Multi-platform process allowing to sleep on LAN a linux or windows computer, through wake-on-lan (reversed) magic packets or through HTTP REST requests.
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README.md

Sleep-On-LAN (SOL)

Principle

Wake-on-LAN is a standard low-level protocol implemented in various hardware. At this time, there is not standard to make the opposite and send a computer in sleep mode.

This project allows a windows or linux box to be put into sleep from any other device.

It works with the exact same magic packet than for Wake-On-LAN, the only difference is that the MAC address has to be written in reverse order.

Technically, you have to run a little daemon on your computer that will listen the same Wake-On-LAN port and send the computer in sleep mode when the reversed MAC address received matches a local address.

Written in go, the code may run on linux and windows platforms.

Usage

Grab the latest windows + linux release : https://github.com/SR-G/sleep-on-lan/releases/

Sleep through UDP

Just send a regular wake-on-lan command but with a reversed MAC address. Thus, the same wake-on-lan tools may be used for both wake and sleep operations (python wake-on-lan script, OpenHab WoL plugin, Android applications, and so on).

Provided you are using a wake-on-lan script like this one wake-on-lan python script (available as a debian package for example), you may use :

wakeonlan c4:d9:87:7a:78:35 192.168.255.255 // regular mac address, will wake an asleep computer
wakeonlan 35:78:7a:87:d9:c4 192.168.255.255 // reversed mac address, will trigger the UDP listener of the sleep-on-lan process and will thus remotely sleep the computer

Sleep through REST service

If this HTTP listener is activated, the SleepOnLan process then exposes a few REST services, for example :

http://127.0.0.1:8009/                               // index page, just shows local IP / mac
http://127.0.0.1:8009/sleep                          // remotely sleep this computer through this URL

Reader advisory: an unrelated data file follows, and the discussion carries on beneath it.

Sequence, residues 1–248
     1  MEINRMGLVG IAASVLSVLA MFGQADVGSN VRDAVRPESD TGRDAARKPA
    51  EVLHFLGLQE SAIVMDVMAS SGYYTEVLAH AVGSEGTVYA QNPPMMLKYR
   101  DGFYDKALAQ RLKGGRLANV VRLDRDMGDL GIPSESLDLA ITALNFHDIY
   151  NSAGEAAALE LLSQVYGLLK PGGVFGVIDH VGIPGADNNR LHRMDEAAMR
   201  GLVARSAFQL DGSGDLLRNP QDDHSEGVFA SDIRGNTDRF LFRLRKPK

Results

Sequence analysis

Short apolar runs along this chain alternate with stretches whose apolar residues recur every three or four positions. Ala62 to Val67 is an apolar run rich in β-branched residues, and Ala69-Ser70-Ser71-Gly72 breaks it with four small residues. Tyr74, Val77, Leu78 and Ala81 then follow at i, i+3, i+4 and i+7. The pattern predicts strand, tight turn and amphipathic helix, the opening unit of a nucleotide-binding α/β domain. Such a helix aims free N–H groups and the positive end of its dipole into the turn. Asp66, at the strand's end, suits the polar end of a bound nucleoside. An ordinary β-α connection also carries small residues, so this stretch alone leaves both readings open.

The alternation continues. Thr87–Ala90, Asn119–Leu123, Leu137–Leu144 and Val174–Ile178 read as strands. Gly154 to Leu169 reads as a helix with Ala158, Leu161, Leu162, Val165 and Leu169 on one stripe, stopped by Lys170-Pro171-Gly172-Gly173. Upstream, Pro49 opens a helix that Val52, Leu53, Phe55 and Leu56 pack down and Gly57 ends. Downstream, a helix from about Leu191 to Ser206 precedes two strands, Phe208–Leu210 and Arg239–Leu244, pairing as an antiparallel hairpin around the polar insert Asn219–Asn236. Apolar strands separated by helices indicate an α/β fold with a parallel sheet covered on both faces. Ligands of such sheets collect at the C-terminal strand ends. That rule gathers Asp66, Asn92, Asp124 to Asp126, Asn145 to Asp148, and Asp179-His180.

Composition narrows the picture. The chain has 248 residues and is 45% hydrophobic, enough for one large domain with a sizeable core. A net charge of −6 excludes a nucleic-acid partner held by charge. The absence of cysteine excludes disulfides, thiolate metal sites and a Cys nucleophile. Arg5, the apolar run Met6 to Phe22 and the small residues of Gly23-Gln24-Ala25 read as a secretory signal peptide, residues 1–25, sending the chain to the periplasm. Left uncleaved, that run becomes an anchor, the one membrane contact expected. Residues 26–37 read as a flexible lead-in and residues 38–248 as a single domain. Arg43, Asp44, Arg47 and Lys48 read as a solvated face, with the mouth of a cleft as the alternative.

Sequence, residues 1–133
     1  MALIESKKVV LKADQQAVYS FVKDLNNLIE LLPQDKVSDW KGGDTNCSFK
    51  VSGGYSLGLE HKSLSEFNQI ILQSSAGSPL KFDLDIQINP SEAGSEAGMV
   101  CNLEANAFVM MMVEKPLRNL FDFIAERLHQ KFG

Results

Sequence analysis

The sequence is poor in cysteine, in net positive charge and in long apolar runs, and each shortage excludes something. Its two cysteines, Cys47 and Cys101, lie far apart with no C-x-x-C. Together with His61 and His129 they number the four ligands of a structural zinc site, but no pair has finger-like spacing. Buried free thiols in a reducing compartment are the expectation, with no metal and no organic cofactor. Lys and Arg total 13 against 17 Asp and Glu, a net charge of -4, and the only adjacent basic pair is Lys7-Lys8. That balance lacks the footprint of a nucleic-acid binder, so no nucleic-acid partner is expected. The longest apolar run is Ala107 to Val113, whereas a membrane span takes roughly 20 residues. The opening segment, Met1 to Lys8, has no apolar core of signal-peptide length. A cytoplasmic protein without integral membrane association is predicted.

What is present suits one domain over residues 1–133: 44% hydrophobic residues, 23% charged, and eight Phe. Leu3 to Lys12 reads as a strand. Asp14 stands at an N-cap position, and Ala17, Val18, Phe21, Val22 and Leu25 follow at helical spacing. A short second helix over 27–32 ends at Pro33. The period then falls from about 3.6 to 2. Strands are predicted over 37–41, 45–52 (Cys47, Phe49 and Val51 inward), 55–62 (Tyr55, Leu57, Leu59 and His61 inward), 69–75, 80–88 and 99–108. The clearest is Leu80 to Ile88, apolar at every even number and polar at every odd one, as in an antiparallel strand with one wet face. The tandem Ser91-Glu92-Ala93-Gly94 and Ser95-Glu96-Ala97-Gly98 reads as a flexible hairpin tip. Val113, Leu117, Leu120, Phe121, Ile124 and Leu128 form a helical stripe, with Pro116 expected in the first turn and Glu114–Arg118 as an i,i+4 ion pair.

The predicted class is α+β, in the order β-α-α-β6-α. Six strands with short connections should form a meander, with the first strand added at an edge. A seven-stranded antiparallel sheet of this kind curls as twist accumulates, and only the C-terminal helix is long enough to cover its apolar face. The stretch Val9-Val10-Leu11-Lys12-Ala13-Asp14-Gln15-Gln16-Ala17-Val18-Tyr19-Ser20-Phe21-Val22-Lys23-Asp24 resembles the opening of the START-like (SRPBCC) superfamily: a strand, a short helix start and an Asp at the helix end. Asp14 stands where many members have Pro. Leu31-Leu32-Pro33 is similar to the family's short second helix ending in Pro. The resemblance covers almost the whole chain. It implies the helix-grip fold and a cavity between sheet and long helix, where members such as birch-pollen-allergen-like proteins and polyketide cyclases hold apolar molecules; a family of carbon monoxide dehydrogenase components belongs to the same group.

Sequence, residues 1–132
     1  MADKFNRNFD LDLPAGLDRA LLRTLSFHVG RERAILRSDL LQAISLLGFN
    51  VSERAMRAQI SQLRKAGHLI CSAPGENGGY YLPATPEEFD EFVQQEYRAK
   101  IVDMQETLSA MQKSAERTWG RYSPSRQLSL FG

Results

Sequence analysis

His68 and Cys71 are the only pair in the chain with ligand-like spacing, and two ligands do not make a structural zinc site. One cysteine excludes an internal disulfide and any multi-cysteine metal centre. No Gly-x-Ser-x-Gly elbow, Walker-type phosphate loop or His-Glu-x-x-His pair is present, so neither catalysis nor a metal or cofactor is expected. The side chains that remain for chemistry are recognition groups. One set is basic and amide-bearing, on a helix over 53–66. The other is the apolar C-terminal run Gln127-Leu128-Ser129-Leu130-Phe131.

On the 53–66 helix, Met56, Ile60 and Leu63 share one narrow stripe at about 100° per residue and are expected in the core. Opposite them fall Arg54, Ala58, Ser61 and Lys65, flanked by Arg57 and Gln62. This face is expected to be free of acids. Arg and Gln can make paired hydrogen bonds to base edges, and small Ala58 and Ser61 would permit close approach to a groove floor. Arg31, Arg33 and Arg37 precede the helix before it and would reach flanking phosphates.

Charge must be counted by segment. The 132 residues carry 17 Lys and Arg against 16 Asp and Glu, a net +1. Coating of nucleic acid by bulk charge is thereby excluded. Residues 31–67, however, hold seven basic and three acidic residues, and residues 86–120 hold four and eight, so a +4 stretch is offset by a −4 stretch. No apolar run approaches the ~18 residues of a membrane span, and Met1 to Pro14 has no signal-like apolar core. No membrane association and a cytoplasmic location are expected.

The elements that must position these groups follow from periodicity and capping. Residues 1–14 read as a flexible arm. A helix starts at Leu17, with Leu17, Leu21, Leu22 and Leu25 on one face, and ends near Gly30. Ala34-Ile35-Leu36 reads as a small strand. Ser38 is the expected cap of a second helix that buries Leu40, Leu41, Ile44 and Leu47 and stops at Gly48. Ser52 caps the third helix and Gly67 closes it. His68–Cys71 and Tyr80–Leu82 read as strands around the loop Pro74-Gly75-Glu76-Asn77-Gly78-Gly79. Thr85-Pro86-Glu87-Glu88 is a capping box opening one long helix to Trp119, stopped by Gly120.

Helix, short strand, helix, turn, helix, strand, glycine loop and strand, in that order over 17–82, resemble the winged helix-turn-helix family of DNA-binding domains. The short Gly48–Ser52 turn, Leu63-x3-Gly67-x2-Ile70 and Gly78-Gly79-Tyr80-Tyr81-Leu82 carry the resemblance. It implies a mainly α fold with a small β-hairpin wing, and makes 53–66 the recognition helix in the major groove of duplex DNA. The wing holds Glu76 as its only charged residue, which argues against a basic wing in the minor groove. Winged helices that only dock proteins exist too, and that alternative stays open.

http://127.0.0.1:8009/wol/c4:d9:87:7a:78:35          // sends a wake-on-lan magic packet on the network to the provided mac address

Configuration

An optional configuration file may be used.

Taken automatically if named "sol.json" and located in the same folder than the SleepOnLan binary.

Content is as follow :

{
  "Listeners" : ["UDP:9", "HTTP:8009" ],
  "LogLevel" : "INFO",
  "BroadcastIP" : "255.255.255.255",
  "Commands" : []
}

Listeners defines which mechanism will be activated

  • UDP : will listen on the default port (= 9)
  • UDP:<port> : will listen on the provided port
  • HTTP : will listen on the default port (= 8009)
  • HTTP:<port> : will listen on the provided port

Several listeners may be defined (e.g., "UDP:7", "UDP:9", "HTTP:8009")

If no configuration file is provided, UDP:9 and HTTP:8009 are assumed by default.

The REST services are exposed on 0.0.0.0 and are thus accessibles from http://localhost/, http://127.0.0.1/, http://192.168.1.x/ and so on.

Rest service may be secured if needed through an optional Auth configuration (a Basic Auth is triggered on all REST services as soon as this Auth section is defined) :

{
  "Listeners" : ["UDP:9", "HTTP:8009" ],
  "Auth" : {
      "Login" : "myusername",
      "Password" : "mypassword"
  }
}

Authed REST may still be triggered from a remote host, if needed, through :

curl http://myusername:mypassword@<IP>/sleep/

Default output from REST command is XML but may be switched from a configuration point of view (by adding a HTTPOutput : 'JSON') or on a per-request basis (by adding a ?format=JSON to the request, one would retrieve a JSON result).

LogLevel defines the log level to use. Available values are NONE|OFF, DEBUG, INFO, WARN|WARNING, ERROR. Logs are just written to the stderr/stdout outputs.

BroadcastIP defines the broadcast IP used by the /wol service. By default the IP used is 192.168.255.255 (local network range).

Commands defines the available commands.

By default, on both windows and linux, only one command is defined : sleep command (through "pm-suspend" on linux and a DLL API call on windows).